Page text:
I picked up on a strange difference between the translations in the first verse of the chapter. Some tell us Paul and Barnabas went to the synagogue together and some tell us like the NLT above “the same thing happened” or in others “just as they did in Antioch” meaning they went into the synagogue. What is the focus of this sameness?
Is the sameness Luke is highlighting focused on Paul and Barnabas doing the same thing – I.e. going in together? Hardly. I don’t think that is worth such a strange Greek construction to describe “together”.
Is the sameness the going to the synagogue first? It could be.
Or is the sameness related to the events that happened in Antioch were played out again in subsequent places? I think that is what is in focus. But you are free to come to your own conclusions. You don’t have to follow my lead. We don’t always have to do things together.
I presume the choice of town they visited were the ones that had a synagogue. – but not necessarily. In the first mentioned places yes there was a synagogue. But later on Paul and Barnabas are heading to completely Gentile or pagan cities and there were no synagogues. Why do Paul and Barnabas continue to go to the synagogue first when they have made the break now to minister to Gentiles? I think it was a habit or a cultural thing so strong they found it initially hard to not do it. But as time went by it became less of an issue.
Why didn’t Luke tell us what Paul and Barnabas preached to the Gentiles in Lystra and Derbe? I hinted at that in an earlier Gem but I don’t remember which one. I believe that the sermon we have recorded for us at Antioch was likely a pattern which Paul used in all places where they went to after that. So in answer to the question: Do you think knowledge of the Old Testament can be useful for us to understand the New Testament message? The answer is of course yes. And I think Paul and Barnabas would have used the approach they did in Antioch at other places. Especially so in those places where there were Jews. The missionaries (P & B) had to connect Jewish people’s understanding of the Jewish books with this new teaching. From a present day Christian point of view it is essential to connect the New Testament with the Old Testament. If you don’t, you will never understand the New Testament. There are many foolish Christians who don’t read the Old Testament preferring instead to read the New Testament over and over because they are not under law but under grace. However they remain ignorant of what the New Testament means in many parts if they don’t connect it to the Old Testament. The New Testament is built on the foundation of the Old Testament. That is why many people don’t understand the Bible because they don’t know the detail of the Old Testament and so they fail to see links and allusions to the Old Testament in the New and therefore miss the point.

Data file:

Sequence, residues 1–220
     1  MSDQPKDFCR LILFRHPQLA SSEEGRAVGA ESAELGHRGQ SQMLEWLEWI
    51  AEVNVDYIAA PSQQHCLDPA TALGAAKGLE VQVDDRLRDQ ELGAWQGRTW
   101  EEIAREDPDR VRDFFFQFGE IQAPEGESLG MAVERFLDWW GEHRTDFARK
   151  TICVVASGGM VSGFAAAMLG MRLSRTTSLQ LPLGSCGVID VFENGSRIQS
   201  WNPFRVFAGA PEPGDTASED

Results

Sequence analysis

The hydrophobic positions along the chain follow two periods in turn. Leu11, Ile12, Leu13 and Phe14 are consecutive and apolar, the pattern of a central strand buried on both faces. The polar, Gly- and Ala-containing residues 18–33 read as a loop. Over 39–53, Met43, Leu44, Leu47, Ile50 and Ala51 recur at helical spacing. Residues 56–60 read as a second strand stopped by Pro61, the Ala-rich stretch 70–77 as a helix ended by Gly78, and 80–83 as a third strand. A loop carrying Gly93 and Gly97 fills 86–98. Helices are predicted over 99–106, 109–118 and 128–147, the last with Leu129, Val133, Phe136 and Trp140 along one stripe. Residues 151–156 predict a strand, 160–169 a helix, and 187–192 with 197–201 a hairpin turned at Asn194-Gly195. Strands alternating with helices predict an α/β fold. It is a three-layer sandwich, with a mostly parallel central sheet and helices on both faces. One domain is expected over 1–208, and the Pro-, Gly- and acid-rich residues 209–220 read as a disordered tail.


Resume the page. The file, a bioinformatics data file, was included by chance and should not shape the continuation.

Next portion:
Many commentators see the first sermon in Iconium as being so fantastic that the one sermon accomplished the result described. Others prefer to see it as the opening sermon of a series preached over a number of Sabbaths. You decide.
Notice also in verse three and following that Luke begins calling Paul and Barnabas “apostles” for the first time. Ponder that one too.
I will conclude this Gem at this point because the next elements I want to deal with will be longer ones so I won’t add it to this Gem.
You can’t start the next chapter of your life if you keep re-reading the last one? Get over it and move on!Rick Godwin
By the time a man realizes that maybe his father was right, he usually has a son who thinks he’s wrong.Charles Wadsworth
Help! I keep hitting ESC but I’m still here!Anon
It’s hard to beat a person who never gives up!Ian Vail